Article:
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Abolishment of Private Contract System by 2007

Posted September. 03, 2004 21:56,   


The government and the ruling Uri Party decided on September 3 that they will abolish the group private contract system beginning January 2007 after a two-year grace period.

At the National Assembly meeting in which Minister of Commerce, Industry and Energy Lee Hee-beom and Policy Commission Chair of the Uri Party Hong Jae-hyung participated, the government and the Uri Party agreed that considering that the private contract system has existed for over 40 years in the market, a two-year grace period is needed for a soft landing of the reformed system.

In addition, they decided to apply complementary systems starting January 1, 2005, in which public institutions are obliged to notify purchase target ratios (above 45 to 50 percent) publicly during the grace period.

According to the complementary system that they suggested, the sales support scope for small- and medium-sized companies, which is currently limited to agriculture and manufacturing areas, will be extended to the areas of services and construction. Also, when public institutions order large-scale work, they will have to procure competition items from several small- and medium-sized companies to prevent intense competition among them.

The complementary system also includes a “’pro’ small- and medium-sized company policy” in which large companies’ and foreign products’ participation are completely excluded from the order of the products that small- and medium-sized companies can produce directly with their own technology and capacity. It also guarantees practical sales route expansion of small- and medium-sized companies by allowing the companies (while excluding large companies) to compete with each other for small-size purchase orders of 200 million won or less.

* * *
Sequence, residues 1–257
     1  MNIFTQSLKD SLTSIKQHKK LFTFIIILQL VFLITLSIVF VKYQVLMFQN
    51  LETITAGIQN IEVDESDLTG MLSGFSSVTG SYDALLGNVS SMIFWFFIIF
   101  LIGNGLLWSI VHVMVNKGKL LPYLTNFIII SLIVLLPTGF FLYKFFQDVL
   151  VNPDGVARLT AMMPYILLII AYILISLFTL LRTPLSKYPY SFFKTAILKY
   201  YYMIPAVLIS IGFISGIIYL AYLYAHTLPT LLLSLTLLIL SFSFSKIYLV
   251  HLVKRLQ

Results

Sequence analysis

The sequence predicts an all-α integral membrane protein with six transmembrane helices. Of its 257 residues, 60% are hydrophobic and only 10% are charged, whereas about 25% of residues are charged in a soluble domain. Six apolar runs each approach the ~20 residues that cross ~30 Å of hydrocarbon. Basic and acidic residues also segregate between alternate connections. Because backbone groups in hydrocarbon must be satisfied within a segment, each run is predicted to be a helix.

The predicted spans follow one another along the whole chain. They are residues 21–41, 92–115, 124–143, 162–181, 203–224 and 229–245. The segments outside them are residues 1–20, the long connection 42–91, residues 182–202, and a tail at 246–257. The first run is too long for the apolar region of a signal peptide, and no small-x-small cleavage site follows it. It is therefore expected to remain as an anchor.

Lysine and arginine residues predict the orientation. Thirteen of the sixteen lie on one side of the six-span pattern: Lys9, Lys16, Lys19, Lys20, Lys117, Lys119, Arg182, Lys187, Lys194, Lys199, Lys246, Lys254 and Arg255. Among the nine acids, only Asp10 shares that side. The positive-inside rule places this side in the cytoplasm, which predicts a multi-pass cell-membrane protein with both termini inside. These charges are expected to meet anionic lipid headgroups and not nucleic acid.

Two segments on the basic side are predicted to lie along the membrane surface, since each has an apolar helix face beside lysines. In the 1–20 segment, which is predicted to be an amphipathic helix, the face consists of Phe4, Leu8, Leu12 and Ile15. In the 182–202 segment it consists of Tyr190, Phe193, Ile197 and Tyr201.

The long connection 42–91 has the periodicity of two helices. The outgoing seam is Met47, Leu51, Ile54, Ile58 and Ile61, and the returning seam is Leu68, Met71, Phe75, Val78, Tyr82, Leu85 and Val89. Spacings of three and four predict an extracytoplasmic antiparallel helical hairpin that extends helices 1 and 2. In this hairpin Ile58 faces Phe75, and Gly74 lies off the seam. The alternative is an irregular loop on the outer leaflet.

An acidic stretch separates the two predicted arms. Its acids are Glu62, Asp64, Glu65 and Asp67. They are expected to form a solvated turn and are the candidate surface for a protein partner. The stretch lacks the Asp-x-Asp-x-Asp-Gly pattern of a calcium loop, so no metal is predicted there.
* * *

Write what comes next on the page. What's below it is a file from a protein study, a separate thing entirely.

Moreover, considering the concerns spreading over small- and medium-sized companies that most of the companies will go bankrupt because of the new competition system, the new system will prevent these companies from intense competition by introducing an eligibility screening system for low- or no-margin bidding. It will also prevent few companies from a market monopoly by categorizing the competition system grade-by-grade.

The government and the ruling party plan to submit the revised bill of small and medium industry promotion and product procurement promotion around October 25, which covers the above-mentioned new system.

In the meantime, the Korean Federation of Small and Medium Businesses (KFSB) asserted that if the abolishment timeline of the current private contract system is notified in the law without any practical and effective countermeasures, public institutions might postpone or avoid orders until the existing law is abolished, or the moral hazard of small- and medium-sized companies that want to take more orders in advance might proliferate.

KFSB plans to announce independently the revised proposal for small and medium business sales route support and a private contract system next week at the earliest.

Min-Hyuk Park Ki-Jeong Ko mhpark@donga.com koh@donga.com